Use this URL to cite or link to this record in EThOS: http://ethos.bl.uk/OrderDetails.do?uin=uk.bl.ethos.693302
Title: Autonomist Marxism, critique and the Commons in post-2008 social movements
Author: Marshall, Thomas James Henry
ISNI:       0000 0004 5922 3364
Awarding Body: Aberystwyth University
Current Institution: Aberystwyth University
Date of Award: 2016
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Abstract:
This thesis explores the claims of autonomist Marxist theory that contemporary struggles against capitalism are about rejecting capitalism through producing commons. The autonomist approach to commons is significant for social movement theory because, unlike existing Marxist approaches such as neo-Gramscian social movement theory, it places political action in a relation with capital. As a result, autonomist theory establishes a framework for understanding social movements as ?commons movements?, rooted in claims about the nature of commons; the structure of capitalism; and the significance of political action. The thesis explores this framework by applying it to two contemporary social movements: the Bene Comune movement in Rome, Italy, and the Occupy movement in Oakland, U.S.A. These movements are significant because commons, and practices of ?commoning? are both explicit and implicit within the movement practice. It establishes the successes of the autonomist method in offering a thick description of the social movements, their participants, and the local issues that animate them, but less successful at theorising the relationship between social movement practice and capitalism. The final chapters explore the reasons for this, and explore alternative ways of understanding these movements in the context of capital. In the first instance, it looks to other resources that can be found within the intellectual milieu of post-2008 social movements, particularly so-called ?communisation? theory, which proposes a structural explanation of commons, rooted in a theory of secular crisis. Finally, the thesis concludes by suggesting that the primary problem facing autonomist theory as a basis for understanding social movements is its conflation of the logic of the political with the logic of the structural conditions of capital, a conflation which is sclerotic of its attempt to explain the dynamics that underlie the turn towards commons, and limiting of its capacity to explore political strategies at the level of totality.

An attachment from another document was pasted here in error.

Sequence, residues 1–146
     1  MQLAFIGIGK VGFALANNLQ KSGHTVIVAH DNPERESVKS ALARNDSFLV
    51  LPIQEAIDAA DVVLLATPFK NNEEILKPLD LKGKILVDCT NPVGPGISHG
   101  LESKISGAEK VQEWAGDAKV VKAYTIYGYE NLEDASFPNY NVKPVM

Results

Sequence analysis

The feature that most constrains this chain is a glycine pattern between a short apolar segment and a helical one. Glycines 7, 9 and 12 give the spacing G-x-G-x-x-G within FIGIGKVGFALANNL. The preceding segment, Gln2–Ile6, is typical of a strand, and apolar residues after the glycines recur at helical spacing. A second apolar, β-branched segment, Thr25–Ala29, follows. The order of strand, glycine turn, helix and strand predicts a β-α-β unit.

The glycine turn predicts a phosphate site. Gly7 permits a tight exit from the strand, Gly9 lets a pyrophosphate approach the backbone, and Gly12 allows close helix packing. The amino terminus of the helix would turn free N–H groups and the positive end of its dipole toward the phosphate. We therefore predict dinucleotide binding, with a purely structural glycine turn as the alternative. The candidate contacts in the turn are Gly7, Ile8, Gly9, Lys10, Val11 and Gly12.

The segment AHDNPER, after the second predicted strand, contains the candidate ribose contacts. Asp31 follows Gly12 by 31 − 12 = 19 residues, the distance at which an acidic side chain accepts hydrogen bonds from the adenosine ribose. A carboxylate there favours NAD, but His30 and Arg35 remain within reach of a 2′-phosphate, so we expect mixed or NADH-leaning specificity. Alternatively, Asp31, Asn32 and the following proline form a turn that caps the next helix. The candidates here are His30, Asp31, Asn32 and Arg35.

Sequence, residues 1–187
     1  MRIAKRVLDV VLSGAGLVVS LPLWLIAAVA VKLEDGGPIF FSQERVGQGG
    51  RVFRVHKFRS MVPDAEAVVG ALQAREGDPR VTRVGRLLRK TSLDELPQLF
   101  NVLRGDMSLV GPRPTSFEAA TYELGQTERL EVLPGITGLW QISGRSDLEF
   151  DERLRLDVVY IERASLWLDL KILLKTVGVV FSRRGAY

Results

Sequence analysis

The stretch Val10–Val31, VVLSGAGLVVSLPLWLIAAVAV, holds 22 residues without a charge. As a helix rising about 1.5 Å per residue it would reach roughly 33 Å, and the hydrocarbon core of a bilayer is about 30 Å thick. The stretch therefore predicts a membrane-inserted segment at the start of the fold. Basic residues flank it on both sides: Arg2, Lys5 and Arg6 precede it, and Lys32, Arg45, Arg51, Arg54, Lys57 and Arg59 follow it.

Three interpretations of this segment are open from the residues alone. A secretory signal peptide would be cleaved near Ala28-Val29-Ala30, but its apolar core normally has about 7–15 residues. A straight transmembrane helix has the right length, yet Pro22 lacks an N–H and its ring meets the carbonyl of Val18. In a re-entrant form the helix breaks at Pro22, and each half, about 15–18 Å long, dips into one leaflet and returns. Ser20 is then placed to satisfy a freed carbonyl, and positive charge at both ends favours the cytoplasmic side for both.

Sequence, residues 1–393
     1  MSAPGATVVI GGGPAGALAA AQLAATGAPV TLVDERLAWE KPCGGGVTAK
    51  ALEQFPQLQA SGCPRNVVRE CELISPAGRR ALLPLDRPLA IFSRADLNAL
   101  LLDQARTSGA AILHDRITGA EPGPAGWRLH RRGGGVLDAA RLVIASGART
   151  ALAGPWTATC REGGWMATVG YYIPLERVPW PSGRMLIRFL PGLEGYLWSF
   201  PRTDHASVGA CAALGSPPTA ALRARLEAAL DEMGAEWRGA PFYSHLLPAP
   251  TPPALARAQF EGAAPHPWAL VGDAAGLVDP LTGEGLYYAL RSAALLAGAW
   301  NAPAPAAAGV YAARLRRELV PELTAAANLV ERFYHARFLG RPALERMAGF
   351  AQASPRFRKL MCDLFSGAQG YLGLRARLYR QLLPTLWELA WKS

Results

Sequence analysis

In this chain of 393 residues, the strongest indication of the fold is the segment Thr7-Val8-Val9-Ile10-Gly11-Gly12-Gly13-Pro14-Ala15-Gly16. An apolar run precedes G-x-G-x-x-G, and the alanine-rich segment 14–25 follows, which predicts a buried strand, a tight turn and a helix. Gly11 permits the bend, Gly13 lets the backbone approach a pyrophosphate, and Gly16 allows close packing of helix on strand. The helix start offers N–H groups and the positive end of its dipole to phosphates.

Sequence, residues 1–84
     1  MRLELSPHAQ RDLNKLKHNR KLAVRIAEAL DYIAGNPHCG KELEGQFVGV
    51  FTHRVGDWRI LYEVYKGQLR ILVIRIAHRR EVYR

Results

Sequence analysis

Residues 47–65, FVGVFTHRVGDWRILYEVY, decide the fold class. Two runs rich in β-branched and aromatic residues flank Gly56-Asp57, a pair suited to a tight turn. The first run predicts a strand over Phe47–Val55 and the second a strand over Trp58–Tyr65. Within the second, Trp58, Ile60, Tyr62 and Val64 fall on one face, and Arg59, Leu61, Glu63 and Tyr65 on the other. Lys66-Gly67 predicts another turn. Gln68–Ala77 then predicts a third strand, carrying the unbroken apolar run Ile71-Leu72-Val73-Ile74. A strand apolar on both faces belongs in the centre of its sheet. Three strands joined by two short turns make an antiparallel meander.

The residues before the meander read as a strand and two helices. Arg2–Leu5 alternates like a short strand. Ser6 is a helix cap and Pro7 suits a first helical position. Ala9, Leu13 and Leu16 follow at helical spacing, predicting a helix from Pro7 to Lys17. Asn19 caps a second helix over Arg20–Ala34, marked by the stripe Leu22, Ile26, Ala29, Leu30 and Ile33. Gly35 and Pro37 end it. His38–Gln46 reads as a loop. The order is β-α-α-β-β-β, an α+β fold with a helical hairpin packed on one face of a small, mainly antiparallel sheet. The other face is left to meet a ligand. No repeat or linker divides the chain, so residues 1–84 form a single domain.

Supervisor: Kurki, Milja ; Bliesemann de Guevara, Berit Sponsor: ESRC
Qualification Name: Thesis (Ph.D.) Qualification Level: Doctoral
EThOS ID: uk.bl.ethos.693302  DOI: Not available
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